So were stuck mostly on one income. Now heap on this multiple household appliances that are old and falling apart beyond repair and two used vehicles that both need major work. The entire thing just makes me crabby.

  3. ChuckECheese says:

    People might feel more spendy if they had stable jobs with living wages. And they might want to buy things, if only every agreement and transaction, from credit cards to cable subscriptions, didn’t come with a list of onerous fees, lengthy contracts and fine print.

    • Destron says:

      No doubt. Most people these days can barely afford to live, much less spend extra.

    • jurupa says:

      Whats a living wage? I see people here demand such a thing but no one seems to actually describe what it is as far an actual number goes.

      • FrugalFreak says:

        When employers pay more in earnings than what your frugal life costs nowadays. The business execs are living fine, they just don’t care if you do.

  4. NarcolepticGirl says:

    Man, I haven’t been saving anything. We’ve been catching up with stuff since we were poor last year. Bought a washer & dryer, summer clothing, better (more expensive) food, getting our car tuned up properly, furniture, etc.

  5. coren says:

    I’m saving, got a nice chunk for a down payment once I can get a better paying job.

    My brother on the other hand, can’t save to save his life. And he’s the one in finance.

    • A.Mercer says:

      I have family too that can’t save a bit. One relative spends all of his money on vacations, new cars, and various toys for his hunting habit. Plus, his wife is a big spender and they love to constantly buy gifts for their little girls. Another fancies himself to be a pro fisherman and spends all of his money on all kinds of tackle and boats and tournament fees and travel to get to and from these places. He makes a little money every now and then but no where near what he puts into it. He dreams of making the big time where he wins the big money.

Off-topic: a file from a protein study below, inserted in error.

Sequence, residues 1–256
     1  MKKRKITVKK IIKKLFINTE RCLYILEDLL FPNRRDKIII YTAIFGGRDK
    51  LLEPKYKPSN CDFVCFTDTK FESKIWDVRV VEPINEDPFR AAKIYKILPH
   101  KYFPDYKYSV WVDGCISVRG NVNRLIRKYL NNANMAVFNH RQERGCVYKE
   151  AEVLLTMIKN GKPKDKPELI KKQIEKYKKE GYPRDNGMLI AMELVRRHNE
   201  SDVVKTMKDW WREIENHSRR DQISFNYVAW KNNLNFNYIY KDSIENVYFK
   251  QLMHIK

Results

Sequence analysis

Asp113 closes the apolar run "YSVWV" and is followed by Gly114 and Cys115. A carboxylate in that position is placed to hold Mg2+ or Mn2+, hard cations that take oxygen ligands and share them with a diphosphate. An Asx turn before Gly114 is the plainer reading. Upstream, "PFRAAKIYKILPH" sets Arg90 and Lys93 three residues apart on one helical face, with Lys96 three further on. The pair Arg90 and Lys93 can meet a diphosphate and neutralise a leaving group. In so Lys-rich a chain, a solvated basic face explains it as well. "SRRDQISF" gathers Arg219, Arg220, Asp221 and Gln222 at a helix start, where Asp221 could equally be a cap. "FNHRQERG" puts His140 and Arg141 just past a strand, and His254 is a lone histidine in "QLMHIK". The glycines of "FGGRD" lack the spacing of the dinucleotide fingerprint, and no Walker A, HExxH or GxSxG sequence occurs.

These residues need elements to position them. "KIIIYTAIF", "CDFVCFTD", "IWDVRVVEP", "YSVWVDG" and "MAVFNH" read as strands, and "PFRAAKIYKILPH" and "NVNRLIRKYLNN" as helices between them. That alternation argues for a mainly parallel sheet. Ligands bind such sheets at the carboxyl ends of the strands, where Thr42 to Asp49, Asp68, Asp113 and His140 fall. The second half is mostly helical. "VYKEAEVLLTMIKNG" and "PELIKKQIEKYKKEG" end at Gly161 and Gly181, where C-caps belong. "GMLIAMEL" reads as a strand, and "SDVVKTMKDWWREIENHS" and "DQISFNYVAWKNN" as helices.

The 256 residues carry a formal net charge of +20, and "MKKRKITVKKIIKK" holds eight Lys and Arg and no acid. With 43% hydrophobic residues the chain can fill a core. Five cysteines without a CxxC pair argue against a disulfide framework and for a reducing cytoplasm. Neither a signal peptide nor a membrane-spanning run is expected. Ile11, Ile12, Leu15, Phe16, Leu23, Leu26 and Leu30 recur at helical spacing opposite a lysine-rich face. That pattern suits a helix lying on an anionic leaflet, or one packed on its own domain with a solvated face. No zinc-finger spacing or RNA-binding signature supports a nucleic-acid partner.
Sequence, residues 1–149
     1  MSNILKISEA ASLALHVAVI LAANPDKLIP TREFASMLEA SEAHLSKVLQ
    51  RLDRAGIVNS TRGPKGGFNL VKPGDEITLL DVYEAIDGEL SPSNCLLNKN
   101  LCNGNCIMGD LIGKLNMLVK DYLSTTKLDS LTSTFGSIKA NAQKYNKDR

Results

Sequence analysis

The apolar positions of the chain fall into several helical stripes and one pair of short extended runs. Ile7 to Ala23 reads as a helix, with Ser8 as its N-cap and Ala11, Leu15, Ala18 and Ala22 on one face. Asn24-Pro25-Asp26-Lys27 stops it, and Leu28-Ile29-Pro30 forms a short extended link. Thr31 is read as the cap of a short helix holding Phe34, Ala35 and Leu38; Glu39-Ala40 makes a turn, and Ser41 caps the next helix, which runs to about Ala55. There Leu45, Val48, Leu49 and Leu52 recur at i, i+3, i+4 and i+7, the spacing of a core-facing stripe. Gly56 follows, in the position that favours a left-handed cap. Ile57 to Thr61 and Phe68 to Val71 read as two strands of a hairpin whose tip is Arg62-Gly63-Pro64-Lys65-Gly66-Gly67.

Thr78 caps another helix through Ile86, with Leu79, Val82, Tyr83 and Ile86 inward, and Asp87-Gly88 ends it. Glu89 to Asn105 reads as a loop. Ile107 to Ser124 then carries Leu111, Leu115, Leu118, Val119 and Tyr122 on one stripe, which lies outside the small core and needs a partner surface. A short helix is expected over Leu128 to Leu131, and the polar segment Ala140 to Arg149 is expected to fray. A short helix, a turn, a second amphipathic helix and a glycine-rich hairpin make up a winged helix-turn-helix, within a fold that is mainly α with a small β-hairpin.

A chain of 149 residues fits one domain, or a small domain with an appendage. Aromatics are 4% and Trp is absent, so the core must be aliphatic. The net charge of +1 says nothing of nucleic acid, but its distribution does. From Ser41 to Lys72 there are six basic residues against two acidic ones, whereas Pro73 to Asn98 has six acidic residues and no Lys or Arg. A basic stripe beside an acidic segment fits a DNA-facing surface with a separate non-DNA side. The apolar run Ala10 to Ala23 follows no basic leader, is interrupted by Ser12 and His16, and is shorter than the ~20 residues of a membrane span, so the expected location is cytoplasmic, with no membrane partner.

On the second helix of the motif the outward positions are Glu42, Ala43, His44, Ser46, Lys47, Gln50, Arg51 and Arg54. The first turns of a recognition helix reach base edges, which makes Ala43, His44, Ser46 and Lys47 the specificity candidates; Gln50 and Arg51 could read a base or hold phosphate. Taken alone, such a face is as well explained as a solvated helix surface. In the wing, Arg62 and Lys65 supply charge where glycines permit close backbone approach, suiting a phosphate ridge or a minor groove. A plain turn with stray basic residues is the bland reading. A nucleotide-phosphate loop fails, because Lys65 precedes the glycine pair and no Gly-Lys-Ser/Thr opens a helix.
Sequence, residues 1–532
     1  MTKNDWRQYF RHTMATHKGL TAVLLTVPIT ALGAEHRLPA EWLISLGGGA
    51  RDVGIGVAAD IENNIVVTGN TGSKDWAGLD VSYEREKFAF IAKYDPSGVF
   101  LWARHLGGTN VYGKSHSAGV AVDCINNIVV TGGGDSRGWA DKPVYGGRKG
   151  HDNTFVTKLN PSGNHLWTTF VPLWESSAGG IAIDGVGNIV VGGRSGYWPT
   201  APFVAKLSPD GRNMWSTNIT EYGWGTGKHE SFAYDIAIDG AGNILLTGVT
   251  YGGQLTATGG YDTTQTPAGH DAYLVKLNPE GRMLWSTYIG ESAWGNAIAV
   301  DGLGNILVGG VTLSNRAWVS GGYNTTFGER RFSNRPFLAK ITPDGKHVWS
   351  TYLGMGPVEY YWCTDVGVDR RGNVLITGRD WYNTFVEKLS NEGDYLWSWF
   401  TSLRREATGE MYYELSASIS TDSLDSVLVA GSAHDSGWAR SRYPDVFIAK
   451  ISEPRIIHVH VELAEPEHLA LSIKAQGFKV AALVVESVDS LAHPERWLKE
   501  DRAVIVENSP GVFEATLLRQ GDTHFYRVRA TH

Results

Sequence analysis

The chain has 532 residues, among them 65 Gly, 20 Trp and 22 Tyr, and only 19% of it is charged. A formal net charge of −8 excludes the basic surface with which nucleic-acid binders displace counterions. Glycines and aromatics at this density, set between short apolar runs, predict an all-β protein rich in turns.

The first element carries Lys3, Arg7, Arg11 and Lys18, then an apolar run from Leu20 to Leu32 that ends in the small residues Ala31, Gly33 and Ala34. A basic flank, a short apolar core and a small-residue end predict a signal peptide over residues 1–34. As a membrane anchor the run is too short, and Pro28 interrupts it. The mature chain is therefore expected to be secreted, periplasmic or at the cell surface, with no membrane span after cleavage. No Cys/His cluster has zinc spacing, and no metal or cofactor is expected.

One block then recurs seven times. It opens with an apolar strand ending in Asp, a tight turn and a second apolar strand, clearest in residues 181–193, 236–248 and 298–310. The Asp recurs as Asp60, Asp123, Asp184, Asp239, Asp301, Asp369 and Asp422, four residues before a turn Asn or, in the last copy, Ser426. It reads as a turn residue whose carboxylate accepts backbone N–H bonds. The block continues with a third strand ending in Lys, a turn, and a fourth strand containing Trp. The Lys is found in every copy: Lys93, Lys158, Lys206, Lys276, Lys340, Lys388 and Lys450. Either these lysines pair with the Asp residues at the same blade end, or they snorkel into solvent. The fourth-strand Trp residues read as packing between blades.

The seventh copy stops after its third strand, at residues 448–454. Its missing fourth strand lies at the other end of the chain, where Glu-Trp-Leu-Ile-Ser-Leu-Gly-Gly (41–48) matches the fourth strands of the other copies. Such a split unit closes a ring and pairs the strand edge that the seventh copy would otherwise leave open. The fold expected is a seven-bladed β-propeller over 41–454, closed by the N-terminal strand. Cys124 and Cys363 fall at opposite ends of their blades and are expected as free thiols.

Both of these guys go to my grand parents whenever they need money to get out of trouble. Truck breaks down, ask the grand parents. Get behind on the mortgage, ask the grand parents. Neither of these guys are saving for retirement and I believe they think that they will get a nice inheritance for the grand parents. I think they will have a surprise when they find that they have drained all of the money away before my grand parents die.

      When that happens I believe they will branch out and try to find other relatives that have put aside money. I have a feeling there will be a big falling out between me and them one day.

      • Bativac says:

        Man, I thought my family was the only one. At this point, my cousins have drained any and all equity of my grandmother’s house, and when she passes on (hopefully not for a long time!) my dad and his siblings will have to sell the place to pay off the debt.